Submitted by Jen Jones on Wed, 11/10/2010 - 8:37pm
The status of the job market is on everyone’s mind right now. Even the employed.
But if you’re one of the many currently collecting unemployment benefits, the world is a frustrating place.
It’s not so much the effect of not having a place to go to every day as it is all the things that follow not having a job, like the fear of not having enough money to support your family. Behind many of today’s bankruptcies lies unemployment; mortgages can’t get paid, credit card bills become that much more difficult to make and any sort of unexpected financial requirement is magnified.
This recession is unique in that it has instilled fear on the part of many employers. Far too many companies are exceptionally hesitant to hire, even if they need them. As a result, current employees are asked to do more, often beyond their skill set. Thus, the job problem becomes even greater as those with work are being over-worked for the same amount of money, which leads to more stress and tougher work environments; and those without a job lose value because they lack what’s needed to take on the extra hours.
Today, on average, 4.6 people apply to every one opening. And with availabilities at an all-time low, competition has become fierce. Additionally, the fact that applicants are being asked to take on more further complicates the market. For example, older Americans who have been employed for decades in a specific position become suddenly obsolete in today’s multi-tasking, highly mobile workforce. They may simply lack what it takes to absorb additional responsibilities.
The younger workforce, those just out of college, are facing a “take anything you can get” job market, forcing them to pursue career fields far from where they majored, leading to entire segments of industry going without talent. The architecture field, for instance, has been decimated by the slow down in real estate and construction. Young professionals, unable to get jobs, are going in other directions. Architecture firms are having to literally create work not even related to building design in order to keep their staffs together and generate income. Many in the industry fear that an entire generation of architectural talent will be lost as a result of this recession. Not to mention a generation of wealth.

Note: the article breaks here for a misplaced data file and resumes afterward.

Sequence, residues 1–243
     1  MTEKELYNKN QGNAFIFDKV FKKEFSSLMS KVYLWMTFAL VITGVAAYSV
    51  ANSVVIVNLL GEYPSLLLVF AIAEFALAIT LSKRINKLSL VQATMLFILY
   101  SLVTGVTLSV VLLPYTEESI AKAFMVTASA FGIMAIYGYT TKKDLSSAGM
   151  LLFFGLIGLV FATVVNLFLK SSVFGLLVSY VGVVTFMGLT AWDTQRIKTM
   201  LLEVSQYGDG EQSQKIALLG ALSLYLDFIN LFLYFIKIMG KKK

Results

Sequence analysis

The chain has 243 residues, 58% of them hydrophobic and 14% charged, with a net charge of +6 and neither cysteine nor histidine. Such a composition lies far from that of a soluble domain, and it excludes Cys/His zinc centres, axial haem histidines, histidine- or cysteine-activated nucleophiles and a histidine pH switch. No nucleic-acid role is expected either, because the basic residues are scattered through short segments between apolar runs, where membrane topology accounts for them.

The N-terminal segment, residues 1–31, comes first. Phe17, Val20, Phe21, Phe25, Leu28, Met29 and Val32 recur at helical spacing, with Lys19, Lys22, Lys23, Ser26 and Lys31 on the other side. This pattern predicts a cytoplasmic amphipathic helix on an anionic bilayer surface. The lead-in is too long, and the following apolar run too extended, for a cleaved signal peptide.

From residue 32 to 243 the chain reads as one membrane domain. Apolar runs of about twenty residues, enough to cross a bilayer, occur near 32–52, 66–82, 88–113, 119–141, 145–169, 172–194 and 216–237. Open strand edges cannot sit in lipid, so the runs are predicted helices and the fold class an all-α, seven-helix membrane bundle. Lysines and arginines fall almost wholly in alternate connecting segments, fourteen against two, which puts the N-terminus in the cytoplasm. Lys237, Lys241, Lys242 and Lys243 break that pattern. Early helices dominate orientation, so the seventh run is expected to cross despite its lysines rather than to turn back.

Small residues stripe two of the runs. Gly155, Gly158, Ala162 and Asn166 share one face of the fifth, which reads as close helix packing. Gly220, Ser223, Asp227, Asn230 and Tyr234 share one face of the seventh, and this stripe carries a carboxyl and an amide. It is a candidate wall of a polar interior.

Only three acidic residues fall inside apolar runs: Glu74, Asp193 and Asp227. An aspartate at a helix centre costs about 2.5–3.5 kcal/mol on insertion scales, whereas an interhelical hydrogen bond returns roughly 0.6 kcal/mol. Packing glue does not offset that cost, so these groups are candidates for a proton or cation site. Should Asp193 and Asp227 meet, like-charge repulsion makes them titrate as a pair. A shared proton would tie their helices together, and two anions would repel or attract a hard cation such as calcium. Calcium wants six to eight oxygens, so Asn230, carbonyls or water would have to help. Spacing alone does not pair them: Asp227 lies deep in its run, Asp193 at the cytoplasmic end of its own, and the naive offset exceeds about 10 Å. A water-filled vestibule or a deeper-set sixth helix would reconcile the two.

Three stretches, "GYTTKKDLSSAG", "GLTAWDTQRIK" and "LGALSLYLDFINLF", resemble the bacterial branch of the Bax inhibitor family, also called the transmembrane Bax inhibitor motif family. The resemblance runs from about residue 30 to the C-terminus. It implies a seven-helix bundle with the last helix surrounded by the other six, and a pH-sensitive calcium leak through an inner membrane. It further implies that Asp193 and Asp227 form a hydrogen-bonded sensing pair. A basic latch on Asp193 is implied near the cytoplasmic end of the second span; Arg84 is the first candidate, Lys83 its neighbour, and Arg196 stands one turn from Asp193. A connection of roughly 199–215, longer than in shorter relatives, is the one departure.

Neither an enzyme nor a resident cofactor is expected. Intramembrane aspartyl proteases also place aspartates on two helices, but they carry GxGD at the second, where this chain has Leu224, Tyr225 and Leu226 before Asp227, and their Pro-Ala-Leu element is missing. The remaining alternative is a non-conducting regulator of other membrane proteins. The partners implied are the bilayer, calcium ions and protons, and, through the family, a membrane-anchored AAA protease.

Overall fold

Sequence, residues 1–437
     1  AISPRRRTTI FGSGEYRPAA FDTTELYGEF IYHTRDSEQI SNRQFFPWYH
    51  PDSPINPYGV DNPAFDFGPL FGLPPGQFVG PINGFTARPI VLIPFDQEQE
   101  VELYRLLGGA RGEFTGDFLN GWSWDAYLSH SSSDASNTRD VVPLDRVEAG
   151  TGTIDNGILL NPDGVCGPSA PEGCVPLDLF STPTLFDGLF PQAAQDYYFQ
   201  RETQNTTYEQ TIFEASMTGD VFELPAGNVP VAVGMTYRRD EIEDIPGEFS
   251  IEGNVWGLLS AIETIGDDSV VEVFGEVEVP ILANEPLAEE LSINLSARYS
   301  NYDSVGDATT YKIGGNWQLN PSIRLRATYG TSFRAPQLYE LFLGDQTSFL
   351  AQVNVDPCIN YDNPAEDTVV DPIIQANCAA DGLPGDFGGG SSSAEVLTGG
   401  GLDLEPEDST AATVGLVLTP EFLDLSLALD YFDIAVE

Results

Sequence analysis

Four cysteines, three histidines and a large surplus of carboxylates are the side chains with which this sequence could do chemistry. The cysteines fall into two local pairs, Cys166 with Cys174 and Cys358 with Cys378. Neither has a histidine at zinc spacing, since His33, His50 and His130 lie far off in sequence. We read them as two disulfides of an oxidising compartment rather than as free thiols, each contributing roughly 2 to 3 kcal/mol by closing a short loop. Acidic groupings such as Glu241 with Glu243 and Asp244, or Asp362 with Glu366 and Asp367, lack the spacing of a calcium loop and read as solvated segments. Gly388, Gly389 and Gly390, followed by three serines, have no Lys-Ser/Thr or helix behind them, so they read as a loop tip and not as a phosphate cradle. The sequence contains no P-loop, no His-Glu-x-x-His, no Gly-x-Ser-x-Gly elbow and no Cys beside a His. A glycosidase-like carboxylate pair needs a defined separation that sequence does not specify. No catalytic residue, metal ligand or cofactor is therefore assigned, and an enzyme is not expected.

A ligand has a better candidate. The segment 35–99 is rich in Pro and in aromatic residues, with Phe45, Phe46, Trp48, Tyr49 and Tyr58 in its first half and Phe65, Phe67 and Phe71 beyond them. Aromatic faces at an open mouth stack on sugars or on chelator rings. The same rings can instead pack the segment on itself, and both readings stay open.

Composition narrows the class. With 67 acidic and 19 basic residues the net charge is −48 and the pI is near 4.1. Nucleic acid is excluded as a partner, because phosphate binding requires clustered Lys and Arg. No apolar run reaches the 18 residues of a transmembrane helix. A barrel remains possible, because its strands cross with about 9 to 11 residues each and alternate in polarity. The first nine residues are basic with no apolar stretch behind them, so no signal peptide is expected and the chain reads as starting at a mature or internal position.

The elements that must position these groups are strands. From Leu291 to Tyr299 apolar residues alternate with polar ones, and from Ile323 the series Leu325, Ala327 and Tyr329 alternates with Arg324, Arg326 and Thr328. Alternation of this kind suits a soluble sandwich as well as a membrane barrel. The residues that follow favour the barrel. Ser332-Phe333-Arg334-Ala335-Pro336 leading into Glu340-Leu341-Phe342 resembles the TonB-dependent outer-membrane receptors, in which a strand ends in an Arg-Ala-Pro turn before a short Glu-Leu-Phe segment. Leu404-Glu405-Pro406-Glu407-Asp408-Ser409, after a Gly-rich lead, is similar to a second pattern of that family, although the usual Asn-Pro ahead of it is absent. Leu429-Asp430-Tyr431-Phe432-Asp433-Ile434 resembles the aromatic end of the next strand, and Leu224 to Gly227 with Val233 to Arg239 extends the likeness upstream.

Here are some weird numbers: There are around 3.2 million jobs available throughout the country, which is 1.2 million less than before the recession took hold. However, even as more jobs become available, as has happened in the last few months, unemployment continues to rise. People believe this is a direct result of companies looking to do more with less.
An article from the Associated Press sums up the problem with today’s job market with an example from Bayer Material-Science, a division of Bayer, which has a facility here in Research Triangle Park. In seeking a new health and safety inspector for one of its plants, the skills asked for were expanded from previous opportunities, automatically disqualifying many people with experience in that field. From 30 candidates the company interview seven but was unable to find the level of diversification desired. An existing employee, already familiar with specific internal procedures and the people needing to be managed, as promoted to the new role.
And that is what is happening across the country. A Department of Labor study reported that less than half of those laid off between 2007 and 2009 found work by January of 2010.
We wonder what 2011 holds in store for the country.
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